• 'Other' theft remains the most commonly recorded property crime, accounting for 63 percent of all recorded property crime. Although the incidence of 'other' theft has been variable since 1996, from 2001 onwards there has been a 32 percent decrease in 'other' theft.
  • In 2009, there were 222,664 recorded victims of UEWI, a decline of eight percent from the previous year.

Source: Reference 1

Figure 2: Annual change in number of victims of selected property crimes, 2002–09 (%)

Annual change in number of victims of selected violent crimes, 2002–09 (%)

  • The recorded victims of property crime continued to decrease in 2009, in line with the trend for the past five years.
  • Assessing changes in reported crime since data was first collected in 1996, UEWI has declined by 45 percent, MVT by 51 percent and 'other' theft by eight percent.

Source: Reference 1

Recorded crime rates

Trends in the number of recorded crime victims do not take into account increases in the population over time. As a result, an increase may reflect an increase in the general population in that period rather than an increase in the actual likelihood of a person becoming a victim of crime. Crime rates adjust for changes in population size. In this section, they are calculated per 100,000 persons in the population per year.

Violent crime rate

Figure 3: Violent crimes, 1996–2009 (rate per 100,000 population)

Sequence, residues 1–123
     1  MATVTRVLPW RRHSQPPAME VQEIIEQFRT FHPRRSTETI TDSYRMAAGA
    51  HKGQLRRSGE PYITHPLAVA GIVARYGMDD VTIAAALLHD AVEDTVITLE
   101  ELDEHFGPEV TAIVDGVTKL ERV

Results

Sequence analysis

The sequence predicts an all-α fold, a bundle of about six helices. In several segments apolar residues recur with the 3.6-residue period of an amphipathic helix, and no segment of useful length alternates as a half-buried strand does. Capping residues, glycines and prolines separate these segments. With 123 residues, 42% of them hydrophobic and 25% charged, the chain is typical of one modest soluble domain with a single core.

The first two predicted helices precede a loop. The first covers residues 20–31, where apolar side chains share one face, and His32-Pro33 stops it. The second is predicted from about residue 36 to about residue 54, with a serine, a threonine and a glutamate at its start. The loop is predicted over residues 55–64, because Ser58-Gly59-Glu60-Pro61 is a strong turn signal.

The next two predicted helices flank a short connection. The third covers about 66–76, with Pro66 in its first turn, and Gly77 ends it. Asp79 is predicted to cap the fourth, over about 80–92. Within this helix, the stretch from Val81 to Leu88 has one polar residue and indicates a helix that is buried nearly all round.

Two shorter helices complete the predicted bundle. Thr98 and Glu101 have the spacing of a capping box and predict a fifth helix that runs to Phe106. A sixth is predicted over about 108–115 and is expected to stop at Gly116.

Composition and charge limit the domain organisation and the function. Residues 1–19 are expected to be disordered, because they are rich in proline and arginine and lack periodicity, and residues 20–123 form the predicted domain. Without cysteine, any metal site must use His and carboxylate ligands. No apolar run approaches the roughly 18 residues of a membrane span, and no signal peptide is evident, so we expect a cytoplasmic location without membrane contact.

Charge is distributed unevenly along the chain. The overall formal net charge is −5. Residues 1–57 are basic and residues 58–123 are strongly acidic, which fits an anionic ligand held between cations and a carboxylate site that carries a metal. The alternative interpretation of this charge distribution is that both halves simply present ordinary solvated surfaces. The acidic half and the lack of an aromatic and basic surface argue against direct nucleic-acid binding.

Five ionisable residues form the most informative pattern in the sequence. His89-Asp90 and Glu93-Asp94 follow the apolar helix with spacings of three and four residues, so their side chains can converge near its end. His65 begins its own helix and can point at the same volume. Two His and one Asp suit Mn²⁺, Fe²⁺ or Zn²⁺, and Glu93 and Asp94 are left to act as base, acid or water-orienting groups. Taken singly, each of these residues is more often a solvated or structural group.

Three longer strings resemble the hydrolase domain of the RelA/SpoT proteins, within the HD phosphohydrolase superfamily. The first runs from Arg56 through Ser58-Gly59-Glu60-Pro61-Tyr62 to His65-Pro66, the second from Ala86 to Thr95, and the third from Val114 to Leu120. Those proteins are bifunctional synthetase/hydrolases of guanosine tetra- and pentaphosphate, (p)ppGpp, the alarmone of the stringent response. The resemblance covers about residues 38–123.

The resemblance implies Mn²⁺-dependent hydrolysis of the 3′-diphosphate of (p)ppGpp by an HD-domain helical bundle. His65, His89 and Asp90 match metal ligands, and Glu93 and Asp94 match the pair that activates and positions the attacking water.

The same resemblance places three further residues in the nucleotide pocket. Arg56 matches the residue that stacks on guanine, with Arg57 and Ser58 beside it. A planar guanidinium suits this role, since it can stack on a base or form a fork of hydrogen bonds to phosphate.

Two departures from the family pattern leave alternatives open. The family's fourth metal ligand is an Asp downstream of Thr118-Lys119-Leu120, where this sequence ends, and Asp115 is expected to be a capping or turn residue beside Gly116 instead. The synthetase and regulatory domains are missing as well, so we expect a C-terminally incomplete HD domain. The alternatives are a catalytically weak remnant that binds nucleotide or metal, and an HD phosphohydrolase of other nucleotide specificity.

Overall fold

Violent crimes, 1996–2009 (rate per 100,000 population)

Note: Homicide and kidnapping each occur at rates of fewer than 5 per 100,000 population per year and are difficult to distinguish on this chart

  • Since 1996, the rate of assault per 100,000 population has continued to rise, increasing on average by two percent each year.
  • While overall rates of robbery have declined since 2001, a dramatic decrease in robbery rates occurred between 2007 and 2009, falling by an average of 19 percent each year.
  • Since 1996, the rate of kidnapping has remained at between two and four per 100,000 population per year.
  • The homicide rate was 1.9 per 100,000 population in 1996 (including the 35 victims of the Port Arthur massacre) and was at its highest in 1999, at two per 100,000 population. In 2009, the rate was 1.3 per 100,000 population.
  • Sexual assault continued to fall between 2008 and 2009, decreasing from 93 to 86 persons per 100,000 population.

Source: References 1 and 2

Property crime rates

Figure 4: Property crimes, 1996–2009 (rate per 100,000 population)

Property crimes, 1996–2009 (rate per 100,000 population)